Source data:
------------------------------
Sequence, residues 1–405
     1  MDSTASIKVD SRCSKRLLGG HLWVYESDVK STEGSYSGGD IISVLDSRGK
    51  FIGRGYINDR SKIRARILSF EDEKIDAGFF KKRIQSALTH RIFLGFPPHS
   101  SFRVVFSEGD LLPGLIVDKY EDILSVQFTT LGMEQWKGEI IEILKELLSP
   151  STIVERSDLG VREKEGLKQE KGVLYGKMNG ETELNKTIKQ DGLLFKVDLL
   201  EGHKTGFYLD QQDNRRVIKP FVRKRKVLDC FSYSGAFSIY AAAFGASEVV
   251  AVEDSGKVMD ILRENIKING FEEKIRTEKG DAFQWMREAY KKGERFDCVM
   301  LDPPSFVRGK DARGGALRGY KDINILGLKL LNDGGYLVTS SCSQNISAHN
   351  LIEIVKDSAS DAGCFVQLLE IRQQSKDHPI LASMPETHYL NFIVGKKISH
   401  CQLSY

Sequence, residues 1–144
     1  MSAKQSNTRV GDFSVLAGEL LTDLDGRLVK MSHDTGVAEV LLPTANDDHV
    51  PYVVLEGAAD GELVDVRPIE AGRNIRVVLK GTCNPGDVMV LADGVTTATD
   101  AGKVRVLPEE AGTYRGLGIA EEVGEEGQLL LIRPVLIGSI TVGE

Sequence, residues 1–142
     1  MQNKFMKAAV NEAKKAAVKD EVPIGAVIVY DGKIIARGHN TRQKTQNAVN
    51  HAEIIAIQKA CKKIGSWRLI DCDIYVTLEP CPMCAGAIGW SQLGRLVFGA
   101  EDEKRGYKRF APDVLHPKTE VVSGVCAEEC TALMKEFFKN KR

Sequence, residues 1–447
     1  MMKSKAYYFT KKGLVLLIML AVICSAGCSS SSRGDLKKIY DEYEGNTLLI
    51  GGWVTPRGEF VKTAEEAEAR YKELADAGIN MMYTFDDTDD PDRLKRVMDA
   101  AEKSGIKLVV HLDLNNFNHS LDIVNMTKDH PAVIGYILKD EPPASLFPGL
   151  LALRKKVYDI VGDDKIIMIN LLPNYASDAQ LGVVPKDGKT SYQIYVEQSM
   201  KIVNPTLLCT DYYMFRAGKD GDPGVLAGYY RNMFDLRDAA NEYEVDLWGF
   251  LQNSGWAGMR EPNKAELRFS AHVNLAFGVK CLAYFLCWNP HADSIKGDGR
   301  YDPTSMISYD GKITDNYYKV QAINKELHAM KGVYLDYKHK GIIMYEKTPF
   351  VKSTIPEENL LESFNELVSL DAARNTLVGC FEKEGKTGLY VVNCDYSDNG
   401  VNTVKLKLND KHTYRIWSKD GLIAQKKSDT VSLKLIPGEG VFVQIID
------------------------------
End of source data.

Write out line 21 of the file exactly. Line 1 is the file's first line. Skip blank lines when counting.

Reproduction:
    51  GGWVTPRGEF VKTAEEAEAR YKELADAGIN MMYTFDDTDD PDRLKRVMDA